Kamala Harris Says Coronavirus Vaccine Is Safe and Can 'Save Your Life'

The vice president says the Black community's hesitancy is understandable, but she says getting the drug is necessary to fight the disease.

Vice President Kamala Harris says she’ll be visiting a pharmacy on Thursday (Feb. 25) to promote awareness of the coronavirus vaccine and says the drug is secure and can protect against transmission of the virus.

Rev. Al Sharpton previewed his conversation with Harris on MSNBC early Thursday, the full version of which will run on his PoliticsNation show this weekend. The vice president remarked on the African American community's hesitancy to get the vaccine but was reassuring.
“Yes, we must speak truth about the history of medical testing in this country,” Harris said. “We must be honest about the fact that people have a righteous skepticism about how it has been used, how it has been tested, and on whom it will be used.
“There’s a righteous skepticism if you know history, but I promise you and I’m telling you, this vaccine is safe and it will save your life and the life of your family and your community and we have it within our power to actually do that so get your vaccination when it is your turn.”
RELATED: VP Kamala Harris Discusses Reopening Schools In First Interview Since Being Sworn Into Office
This week, America passed the grim milestone of 500,000 deaths from COVID-19. Data from Johns Hopkins University shows that 28 million people in the United States have been infected. However, despite 45 million people in the country receiving at least one dose of the vaccine, African Americans have fallen behind whites in getting the shot.
According to data from the Centers for Disease Control and Prevention, 54.4 percent of people nationwide have had at least one dose. Of this number, 64 percent were white, while 6.4 percent were Black.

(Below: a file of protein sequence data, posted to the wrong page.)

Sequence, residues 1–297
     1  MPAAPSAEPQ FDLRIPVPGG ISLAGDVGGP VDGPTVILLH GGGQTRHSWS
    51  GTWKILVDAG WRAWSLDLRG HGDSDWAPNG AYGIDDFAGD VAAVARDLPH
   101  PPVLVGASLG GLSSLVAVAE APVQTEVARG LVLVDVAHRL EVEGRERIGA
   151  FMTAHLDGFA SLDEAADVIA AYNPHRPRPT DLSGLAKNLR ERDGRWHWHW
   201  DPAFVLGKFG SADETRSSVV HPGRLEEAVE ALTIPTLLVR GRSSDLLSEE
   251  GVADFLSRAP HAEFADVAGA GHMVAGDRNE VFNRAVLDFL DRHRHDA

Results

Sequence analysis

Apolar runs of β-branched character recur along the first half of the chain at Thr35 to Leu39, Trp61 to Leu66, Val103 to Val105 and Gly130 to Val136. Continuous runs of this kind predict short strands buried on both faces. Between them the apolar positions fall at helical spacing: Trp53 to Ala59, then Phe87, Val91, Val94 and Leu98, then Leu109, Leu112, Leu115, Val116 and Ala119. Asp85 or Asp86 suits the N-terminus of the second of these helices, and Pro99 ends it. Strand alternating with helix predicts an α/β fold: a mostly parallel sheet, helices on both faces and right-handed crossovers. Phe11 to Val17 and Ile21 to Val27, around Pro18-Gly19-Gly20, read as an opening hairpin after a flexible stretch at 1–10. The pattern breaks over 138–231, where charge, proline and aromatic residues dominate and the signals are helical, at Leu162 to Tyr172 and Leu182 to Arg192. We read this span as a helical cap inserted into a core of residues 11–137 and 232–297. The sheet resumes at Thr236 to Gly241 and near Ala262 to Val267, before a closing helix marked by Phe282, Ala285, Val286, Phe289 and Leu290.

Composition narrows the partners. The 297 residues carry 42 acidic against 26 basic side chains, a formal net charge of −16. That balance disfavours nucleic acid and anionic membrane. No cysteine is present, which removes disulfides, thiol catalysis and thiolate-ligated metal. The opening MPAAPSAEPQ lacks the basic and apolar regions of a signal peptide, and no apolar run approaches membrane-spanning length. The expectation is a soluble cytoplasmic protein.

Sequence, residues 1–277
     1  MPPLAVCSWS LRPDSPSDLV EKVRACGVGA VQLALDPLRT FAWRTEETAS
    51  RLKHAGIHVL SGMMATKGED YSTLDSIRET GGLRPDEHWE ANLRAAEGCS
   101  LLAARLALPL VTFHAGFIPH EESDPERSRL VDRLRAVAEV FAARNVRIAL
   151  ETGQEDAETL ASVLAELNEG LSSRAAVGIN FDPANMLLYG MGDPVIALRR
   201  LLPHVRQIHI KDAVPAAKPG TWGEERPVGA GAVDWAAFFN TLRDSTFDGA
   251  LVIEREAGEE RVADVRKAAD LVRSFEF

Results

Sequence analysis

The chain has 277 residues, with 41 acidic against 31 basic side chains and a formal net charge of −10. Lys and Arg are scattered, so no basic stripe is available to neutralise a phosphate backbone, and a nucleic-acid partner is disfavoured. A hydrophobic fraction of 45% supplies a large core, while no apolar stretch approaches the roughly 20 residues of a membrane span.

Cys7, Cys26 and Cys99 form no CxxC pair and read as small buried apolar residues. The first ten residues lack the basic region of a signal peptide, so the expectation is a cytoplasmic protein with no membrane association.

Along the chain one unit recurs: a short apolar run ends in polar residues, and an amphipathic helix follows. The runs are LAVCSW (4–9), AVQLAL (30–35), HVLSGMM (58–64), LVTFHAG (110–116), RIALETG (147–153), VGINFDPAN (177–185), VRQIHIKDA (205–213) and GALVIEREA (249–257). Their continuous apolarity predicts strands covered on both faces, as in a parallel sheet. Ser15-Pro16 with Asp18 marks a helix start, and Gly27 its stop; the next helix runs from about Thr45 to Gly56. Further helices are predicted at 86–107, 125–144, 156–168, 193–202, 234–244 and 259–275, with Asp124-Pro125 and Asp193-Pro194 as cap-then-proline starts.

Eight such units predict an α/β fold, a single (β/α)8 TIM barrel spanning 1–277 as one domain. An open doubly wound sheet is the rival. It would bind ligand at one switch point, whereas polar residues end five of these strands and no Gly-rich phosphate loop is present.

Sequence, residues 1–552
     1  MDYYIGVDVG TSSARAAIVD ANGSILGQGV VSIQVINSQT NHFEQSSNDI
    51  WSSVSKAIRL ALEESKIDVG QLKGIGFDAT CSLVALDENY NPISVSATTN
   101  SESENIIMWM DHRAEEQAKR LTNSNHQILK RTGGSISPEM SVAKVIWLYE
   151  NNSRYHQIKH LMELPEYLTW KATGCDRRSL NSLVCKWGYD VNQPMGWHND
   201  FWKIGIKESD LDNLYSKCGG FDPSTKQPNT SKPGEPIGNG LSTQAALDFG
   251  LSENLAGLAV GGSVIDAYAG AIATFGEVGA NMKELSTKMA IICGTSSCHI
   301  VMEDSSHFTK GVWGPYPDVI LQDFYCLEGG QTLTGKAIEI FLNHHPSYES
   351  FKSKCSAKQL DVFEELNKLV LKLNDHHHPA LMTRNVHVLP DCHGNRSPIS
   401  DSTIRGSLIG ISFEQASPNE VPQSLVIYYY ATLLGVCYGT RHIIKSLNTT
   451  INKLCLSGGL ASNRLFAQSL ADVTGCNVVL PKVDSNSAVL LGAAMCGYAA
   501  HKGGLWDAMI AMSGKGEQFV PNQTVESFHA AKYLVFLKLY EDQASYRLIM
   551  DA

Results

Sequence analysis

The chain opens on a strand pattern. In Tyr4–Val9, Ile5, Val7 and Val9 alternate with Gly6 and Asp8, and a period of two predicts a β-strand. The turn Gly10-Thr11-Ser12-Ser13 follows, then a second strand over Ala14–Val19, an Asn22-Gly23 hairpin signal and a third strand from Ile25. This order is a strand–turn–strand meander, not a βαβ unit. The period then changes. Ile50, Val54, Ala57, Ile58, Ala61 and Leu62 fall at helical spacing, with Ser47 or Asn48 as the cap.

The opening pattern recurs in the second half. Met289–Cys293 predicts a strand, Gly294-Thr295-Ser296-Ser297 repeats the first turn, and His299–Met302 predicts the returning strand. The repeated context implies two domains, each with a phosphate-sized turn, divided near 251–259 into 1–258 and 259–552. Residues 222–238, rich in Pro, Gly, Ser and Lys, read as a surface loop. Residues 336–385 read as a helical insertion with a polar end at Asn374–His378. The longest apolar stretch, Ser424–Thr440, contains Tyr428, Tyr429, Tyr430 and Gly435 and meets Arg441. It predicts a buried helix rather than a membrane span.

Sharpton said he was also hesitant about the vaccine, but Harris convinced him otherwise, and he plans to receive his first shot. “Let’s not let this thing get us,” she said. “We know Black people are disproportionately likely to contract the virus and die from it.
“We know when you look at who the front line workers are, who have been most at risk, disproportionately we are talking about people of color,” she continued. “When you look at the fact that Black small businesses...40 percent are going out of business or have gone out of business, it is disproportionately affecting us and if we want to get control of this virus that is harming us at a disproportionate rate, part of it is to get vaccinated when it is our turn.”

Harris also noted that Congress needs to pass the American Rescue Plan so that businesses suffering from the pandemic can get some economic aid, and individual payments can go to Americans. 

“I have faith. I believe in our ability to get through this and to be better on the other side,” said Harris.
For the latest on the coronavirus, check out BET’s blog on the virus, and contact your local health department or visit the Centers for Disease Control and Prevention website.

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